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About the author:
B. Hollidae is a future law student who when not obsessed with law school apps and personal statements and doing the bare minimum to keep her job uses the spare time she has to write novels. All the Little Things is her debut and possibly only novel before she tackles law school in the fall of 2018, and was inspired by all those who are afraid to use their voice for fear that someone would hear it and not believe it.
Here is a short sample from the book:
I hear giggling behind me and see two girls standing next to each other. One a dark chocolate skinned black girl with her dark hair in two cornrows on either side of her head and the other a tawny skinned Latina with her dark hair pulled into a ponytail. The black girl catches my eye when I glance at them. She smiles at me causing me to turn around. She laughs and mutters something to her friend who makes a loud snort of laughter and when everyone turns to look at her, she covers her mouth and looks at the black girl.
“Is there something you want to share with the class Akilah?”
Some of the class snickers at Akilah’s expense and her sharp brown eyes glare at everyone before she looks at the teacher and says with sigh, “First? It’s Uh-key-luh. It’s not that damn hard to say. Second, she’s the one who laughed. Why am I the one you called out? That said, yes. Yes I absolutely do have something I’d like to share with the class and because I want to share it I’m going to ignore the blatant colorism at the fact that Blanche is the one who laughed and who everyone heard, yet I’m the one in trouble.”
Akilah then looks at me and breaks out into a wide grin. My stomach drops to my stomach with sudden nerves while my blood pressure undoubtedly soars if the sudden tightness in my chest is anything to go by, as I naturally get ready to act on instincts that I used to need when dealing with my stepdad and while living on the streets.
Akilah turns back to the teacher and says, “How the fuck am I supposed to concentrate around that?”
As she says this, she points a finger and nods her head in my direction. Before I can even try to predict where she’s going with this she says, “I mean look at him. The shirt is so damn tight it’s practically bursting at the seams every time he moves. Every time he so much as twitches I notice a muscle flex. Put that together with those dark grey eyes and that long wavy dark hair and that flawless golden-brown terracotta-ish complexion and my ovaries are practically screaming at me to go make babies with him because he can provide for and protect offspring no matter how true or untrue that could be which makes it extremely difficult to pay attention to your instruction. All that said, can you please get the dude a bigger shirt because there is no way you expect all of us to concentrate otherwise.”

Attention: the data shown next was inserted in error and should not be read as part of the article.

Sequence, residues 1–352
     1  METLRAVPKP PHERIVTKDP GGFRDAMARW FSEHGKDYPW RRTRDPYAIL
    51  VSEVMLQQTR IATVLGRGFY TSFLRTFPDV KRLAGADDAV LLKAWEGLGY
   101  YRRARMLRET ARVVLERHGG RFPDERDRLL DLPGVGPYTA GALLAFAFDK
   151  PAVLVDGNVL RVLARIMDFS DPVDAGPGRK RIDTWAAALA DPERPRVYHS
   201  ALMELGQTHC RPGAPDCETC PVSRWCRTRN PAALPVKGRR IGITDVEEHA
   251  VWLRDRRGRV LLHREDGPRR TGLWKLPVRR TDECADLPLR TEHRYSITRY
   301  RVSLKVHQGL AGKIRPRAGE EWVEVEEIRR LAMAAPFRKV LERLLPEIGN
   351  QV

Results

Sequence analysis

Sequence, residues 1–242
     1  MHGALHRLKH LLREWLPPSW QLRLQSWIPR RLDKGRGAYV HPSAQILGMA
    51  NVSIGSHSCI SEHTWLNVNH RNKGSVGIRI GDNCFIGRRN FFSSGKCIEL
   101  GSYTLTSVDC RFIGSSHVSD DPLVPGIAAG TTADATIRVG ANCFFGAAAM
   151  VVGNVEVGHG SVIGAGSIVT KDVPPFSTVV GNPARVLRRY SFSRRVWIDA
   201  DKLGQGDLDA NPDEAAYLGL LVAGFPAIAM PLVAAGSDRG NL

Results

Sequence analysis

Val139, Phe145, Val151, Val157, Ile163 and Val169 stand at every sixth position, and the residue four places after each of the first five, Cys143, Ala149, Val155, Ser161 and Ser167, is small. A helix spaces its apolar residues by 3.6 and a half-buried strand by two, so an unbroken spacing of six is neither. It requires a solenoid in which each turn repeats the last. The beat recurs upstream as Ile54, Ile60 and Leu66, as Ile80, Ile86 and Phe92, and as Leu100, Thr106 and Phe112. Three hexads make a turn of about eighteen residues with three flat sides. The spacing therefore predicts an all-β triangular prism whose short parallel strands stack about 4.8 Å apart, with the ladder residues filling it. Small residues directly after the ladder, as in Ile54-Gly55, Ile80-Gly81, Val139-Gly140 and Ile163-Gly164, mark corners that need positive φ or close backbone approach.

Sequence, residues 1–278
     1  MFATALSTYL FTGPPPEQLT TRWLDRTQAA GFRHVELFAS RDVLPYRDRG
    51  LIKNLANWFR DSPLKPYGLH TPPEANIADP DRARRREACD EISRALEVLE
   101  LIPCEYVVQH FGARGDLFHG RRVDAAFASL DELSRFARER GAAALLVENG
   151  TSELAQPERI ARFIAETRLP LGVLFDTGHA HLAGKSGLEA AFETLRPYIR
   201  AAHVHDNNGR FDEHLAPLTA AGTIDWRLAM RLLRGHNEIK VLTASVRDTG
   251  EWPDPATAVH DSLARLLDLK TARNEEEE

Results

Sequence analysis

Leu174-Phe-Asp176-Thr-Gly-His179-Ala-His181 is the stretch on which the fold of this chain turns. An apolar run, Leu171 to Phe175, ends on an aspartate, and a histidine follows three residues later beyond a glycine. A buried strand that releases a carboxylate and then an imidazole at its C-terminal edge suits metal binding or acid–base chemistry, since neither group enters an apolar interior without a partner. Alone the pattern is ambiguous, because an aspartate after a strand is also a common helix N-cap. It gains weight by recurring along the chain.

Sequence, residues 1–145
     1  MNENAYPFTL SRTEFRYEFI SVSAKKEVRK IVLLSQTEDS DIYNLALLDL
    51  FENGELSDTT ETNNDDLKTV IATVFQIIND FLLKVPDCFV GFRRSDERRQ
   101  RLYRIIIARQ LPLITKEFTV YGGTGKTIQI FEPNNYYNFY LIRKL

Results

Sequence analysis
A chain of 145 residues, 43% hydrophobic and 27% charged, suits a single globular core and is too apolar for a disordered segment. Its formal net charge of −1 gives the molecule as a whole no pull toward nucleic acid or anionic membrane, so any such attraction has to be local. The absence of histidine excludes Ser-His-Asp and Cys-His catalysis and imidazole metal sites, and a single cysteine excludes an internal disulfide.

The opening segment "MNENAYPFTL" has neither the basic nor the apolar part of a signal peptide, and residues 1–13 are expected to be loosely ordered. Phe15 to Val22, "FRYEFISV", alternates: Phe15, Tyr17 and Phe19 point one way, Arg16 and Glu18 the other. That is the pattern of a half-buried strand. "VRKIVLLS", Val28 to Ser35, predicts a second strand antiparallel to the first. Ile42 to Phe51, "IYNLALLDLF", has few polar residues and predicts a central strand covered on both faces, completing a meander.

“Miss Ghaliya,” the teacher says in a warning tone.
“Look, just last week you made one of the girls put on bigger shorts because her ass was supposedly distracting the boys. All I’m saying is that there needs to be some gender equality around here and if the boys can’t be blamed for being distracted, neither can I be blamed for not paying attention because of those guns. And if that’s the case, he needs to put on a bigger shirt. Unless we want this to be made into a viral social media post. I really don’t think the school needs the bad rep.”
“Akilah,” the teacher says in a tone that undoubtedly means she’s crossed a line.
“It’s fine,” I suddenly cut in. “I have a shirt in my bag.”
“See how easy that was,” Akilah says and she grins in my direction again.
I take the time to notice that she’s missing an upper canine. To be honest it’s barely noticeable but I’m trying to focus on anything other than the part of me that wants to throttle her for humiliating me like this, like I’m just some fucking sexual object, while another part of me just wants to run off and die. She grins wider all of a sudden and I get the feeling that she’s well aware that she’s pissed me off.
“Would you also like to apologize to Mr. Ortiz?”
“For what?” Akilah asked. “All the girls can name at least five occasions where one of the guys have done the same thing to us.”
“It’s fine,” I add just wanting this whole situation to be over. “I’ll go put on another shirt.”
“I’ll go with him to make sure he doesn’t get lost,” Devonte offers and before our teacher can object he catches up with me to go to the locker rooms.
When we’re far enough away I snap, “Who the fuck is she?”
“That’s Akilah Ghaliya. She’s usually pretty quiet, but when she talks expect it to be loud and opinionated and pointing out the elephant in the room. She can talk herself in and out of anything,” Devonte said rolling his eyes. “It’s why a lot of the guys are afraid to date her. Not that she’s ever been interested in anyone. You ought to be flattered really.”